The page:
Articles Tagged with options

shutterstock_188631644The Financial Industry Regulatory Authority (FINRA) brought an enforcement action (FINRA No. 2011025610501) against brokerage firm Braymen, Lambert and Noel Securities, Ltd. (BLNS) and the firm’s Chief Executive Officer, Chief Operating Officer, Chief Financial Officer and Chief Compliance Officer (CCO) Shannon Braymen (Braymen) resulting in a monetary sanction. FINRA’s allegations were that from April 2007 to November 2011 BLNS, acting through Braymen, failed to supervise its private placement securities business and the activities of brokers located in two offices. The firm was also accused of failing to register those two branch office locations. In addition, FINRA found that BLNS failed to conduct or to adequately document branch office inspections, and had inadequate supervisory systems and written supervisory procedures for non-branch office locations. Finally, FINRA found that BLNS and Braymen failed to capture and retain certain email correspondence.

BLNS is a member of FINRA and registered as a broker-dealer since March 2003, as a full-service broker-dealer. BLNS currently employs approximately 24 brokers and operates out of 4 branch offices. The firm conducts a securities business in corporate debt securities, over-the-counter equity securities, US government securities, mutual funds, options, private placements and variable contracts. BLNS is also authorized to underwrite corporate securities, proprietary trading and investment advisory services. Braymen entered the securities industry in February 1995. During Braymen’s career she has obtained various securities licenses and had supervisory responsibility for each of the supervisory areas complained of by FINRA.

FINRA’s findings highlighted supervisory deficiencies in a number of areas. One of FINRA’s findings was that BLNS and two brokers located in an unregistered branch office in San Antonio, Texas participated in nine private placement offerings. BLNS and Braymen were accused of failing to adequately supervise the firm’s participation in these nine offerings. FINRA found that the firm had no documentation of principal review and approval of any of the private placement documents, no documentation that a principal of the firm had conducted due diligence, and no documentation of principal review and approval of customer subscription documents. Review of subscription documents are required to determine the suitability of the investments for customers.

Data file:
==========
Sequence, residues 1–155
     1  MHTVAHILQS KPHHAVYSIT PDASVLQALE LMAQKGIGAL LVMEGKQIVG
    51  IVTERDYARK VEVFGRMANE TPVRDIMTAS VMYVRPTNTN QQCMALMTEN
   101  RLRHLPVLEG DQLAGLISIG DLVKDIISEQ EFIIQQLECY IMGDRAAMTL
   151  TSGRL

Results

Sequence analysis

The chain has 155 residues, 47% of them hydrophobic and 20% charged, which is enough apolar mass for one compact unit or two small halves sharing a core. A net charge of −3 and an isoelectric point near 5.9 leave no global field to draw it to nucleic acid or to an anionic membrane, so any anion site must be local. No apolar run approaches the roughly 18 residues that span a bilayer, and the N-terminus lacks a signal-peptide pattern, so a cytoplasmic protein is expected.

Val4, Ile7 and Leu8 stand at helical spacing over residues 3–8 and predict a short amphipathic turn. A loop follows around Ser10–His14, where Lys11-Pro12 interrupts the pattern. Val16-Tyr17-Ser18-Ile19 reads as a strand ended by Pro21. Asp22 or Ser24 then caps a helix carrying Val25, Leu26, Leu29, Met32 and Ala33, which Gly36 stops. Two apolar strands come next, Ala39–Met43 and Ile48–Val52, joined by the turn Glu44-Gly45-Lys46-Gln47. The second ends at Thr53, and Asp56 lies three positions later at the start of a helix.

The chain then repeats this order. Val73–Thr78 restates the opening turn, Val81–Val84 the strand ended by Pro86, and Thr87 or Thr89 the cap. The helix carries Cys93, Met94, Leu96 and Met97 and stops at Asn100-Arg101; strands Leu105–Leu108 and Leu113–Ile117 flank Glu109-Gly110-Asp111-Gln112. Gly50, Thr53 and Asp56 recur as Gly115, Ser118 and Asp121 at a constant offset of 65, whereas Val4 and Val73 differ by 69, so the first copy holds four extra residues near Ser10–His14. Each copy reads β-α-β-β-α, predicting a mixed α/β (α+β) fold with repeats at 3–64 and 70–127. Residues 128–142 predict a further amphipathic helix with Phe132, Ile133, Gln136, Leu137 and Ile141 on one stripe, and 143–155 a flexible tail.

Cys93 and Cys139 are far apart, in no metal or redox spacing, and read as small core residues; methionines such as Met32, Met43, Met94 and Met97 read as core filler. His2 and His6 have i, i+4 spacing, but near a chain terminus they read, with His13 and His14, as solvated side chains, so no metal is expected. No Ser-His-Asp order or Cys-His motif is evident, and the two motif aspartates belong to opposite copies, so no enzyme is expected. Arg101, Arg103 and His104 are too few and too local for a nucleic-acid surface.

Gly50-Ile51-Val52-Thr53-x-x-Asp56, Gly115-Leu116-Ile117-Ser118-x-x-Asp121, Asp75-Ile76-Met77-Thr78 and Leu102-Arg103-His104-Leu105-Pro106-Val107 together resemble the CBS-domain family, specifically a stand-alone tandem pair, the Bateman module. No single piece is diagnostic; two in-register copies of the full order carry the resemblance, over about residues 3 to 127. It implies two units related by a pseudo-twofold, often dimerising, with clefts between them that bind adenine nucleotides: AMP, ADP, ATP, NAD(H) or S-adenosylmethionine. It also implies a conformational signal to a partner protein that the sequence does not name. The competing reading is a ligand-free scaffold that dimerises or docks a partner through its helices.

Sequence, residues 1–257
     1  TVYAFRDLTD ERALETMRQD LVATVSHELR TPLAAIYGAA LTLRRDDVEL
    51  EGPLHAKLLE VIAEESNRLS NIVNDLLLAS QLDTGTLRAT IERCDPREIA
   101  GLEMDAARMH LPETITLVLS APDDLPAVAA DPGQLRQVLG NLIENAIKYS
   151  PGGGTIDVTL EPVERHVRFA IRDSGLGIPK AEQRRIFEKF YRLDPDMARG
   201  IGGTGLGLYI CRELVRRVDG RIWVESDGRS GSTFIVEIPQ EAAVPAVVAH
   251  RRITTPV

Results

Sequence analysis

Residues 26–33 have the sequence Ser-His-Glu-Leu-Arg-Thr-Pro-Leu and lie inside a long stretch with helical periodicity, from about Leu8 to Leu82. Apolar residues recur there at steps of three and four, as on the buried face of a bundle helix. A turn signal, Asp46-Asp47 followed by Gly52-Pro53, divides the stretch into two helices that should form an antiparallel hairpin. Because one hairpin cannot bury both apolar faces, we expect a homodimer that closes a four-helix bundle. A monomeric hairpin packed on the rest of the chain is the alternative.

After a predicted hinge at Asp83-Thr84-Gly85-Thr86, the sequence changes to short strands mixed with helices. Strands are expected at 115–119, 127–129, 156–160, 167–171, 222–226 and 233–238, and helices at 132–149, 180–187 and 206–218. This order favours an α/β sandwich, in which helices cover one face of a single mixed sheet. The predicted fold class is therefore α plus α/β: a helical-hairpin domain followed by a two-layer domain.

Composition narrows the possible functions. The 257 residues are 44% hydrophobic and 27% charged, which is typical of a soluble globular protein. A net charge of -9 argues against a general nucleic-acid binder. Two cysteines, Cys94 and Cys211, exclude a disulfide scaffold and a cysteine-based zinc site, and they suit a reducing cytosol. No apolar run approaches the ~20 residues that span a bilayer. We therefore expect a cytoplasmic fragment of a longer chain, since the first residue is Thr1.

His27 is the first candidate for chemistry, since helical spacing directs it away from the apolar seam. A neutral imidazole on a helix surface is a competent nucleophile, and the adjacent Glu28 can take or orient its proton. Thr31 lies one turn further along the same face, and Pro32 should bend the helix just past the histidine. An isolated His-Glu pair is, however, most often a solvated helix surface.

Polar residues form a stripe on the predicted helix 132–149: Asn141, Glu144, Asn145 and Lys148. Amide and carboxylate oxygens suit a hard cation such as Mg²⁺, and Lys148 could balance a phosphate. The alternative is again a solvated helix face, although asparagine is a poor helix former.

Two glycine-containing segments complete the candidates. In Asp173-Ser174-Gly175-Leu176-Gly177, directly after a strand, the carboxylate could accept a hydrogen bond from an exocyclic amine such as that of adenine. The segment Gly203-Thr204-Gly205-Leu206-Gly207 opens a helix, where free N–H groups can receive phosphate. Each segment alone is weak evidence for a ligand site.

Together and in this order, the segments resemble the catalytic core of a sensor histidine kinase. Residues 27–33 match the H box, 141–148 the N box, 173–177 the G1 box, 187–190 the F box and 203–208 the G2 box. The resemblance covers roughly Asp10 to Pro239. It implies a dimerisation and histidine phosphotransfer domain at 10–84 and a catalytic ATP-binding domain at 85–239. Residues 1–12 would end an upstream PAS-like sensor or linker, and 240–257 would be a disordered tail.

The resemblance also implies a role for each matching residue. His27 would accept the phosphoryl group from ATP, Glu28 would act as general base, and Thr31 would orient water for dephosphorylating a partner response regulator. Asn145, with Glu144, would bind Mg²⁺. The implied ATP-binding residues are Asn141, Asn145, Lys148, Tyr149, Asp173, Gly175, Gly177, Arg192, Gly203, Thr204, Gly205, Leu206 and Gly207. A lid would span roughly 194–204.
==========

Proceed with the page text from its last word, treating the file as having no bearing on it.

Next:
shutterstock_102242143As we previously reported, The Financial Industry Regulatory Authority (FINRA) sanctioned and barred financial advisor Matthew Davis (Davis) concerning allegations of misconduct in several customer accounts. Davis was associated with Beneficial Investment Services, Inc. from November 2008, through April 2010. Thereafter, Davis was associated with OneAmerica Securities, Inc. (OneAmerica) from April 2010, through July 2013. The allegations of misconduct included claims of conversion, misrepresentation of customer holdings and account value, forgery, discretionary unauthorized trading, attempts to settle a customer complaint without the firm’s knowledge, and unsuitable investment recommendations.

In a new regulatory action, FINRA alleged that OneAmerica failed to supervise Davis and ignored numerous red flags of misconduct concerning his activities. For instance, FINRA alleged that two customers opened a OneAmerica account with Davis identifying the husband as a 65 years-old and earning between $50,001-75,000 per year. His wife was a “Homemaker” and the couple’s stated Net Worth, excluding their residence, was “$250,001-500,000″ and they had only two years of investment experience limited to stocks, bonds, and mutual funds.

Only three weeks later the couple signed an Option Agreement and were approved to trade options. FINRA found that Davis rapidly traded the options account executing 55 options transactions in May 2012; 52 options transactions in June 2012; and 53 options transactions in July 2012. This activity, according to FINRA, caused a rapid loss of account equity. FINRA found that there were multiple red flags that should have alerted the OneAmerica’s compliance department that Davis’ recommendations were unsuitable. For example, FINRA found that the couple’s account agreement reported minimal investing experience but their options agreement identified purported options (and commodities) trading experience. Also the couple’s new account agreement reported their Investment Objective as Long Term Growth but whereas their options agreement stated their objectives included speculation and hedging. Finally, FINRA alleged that the couple’s new account agreement reported their net worth was $250,000-500,000, whereas the options agreement stated their Net Worth was $640,000.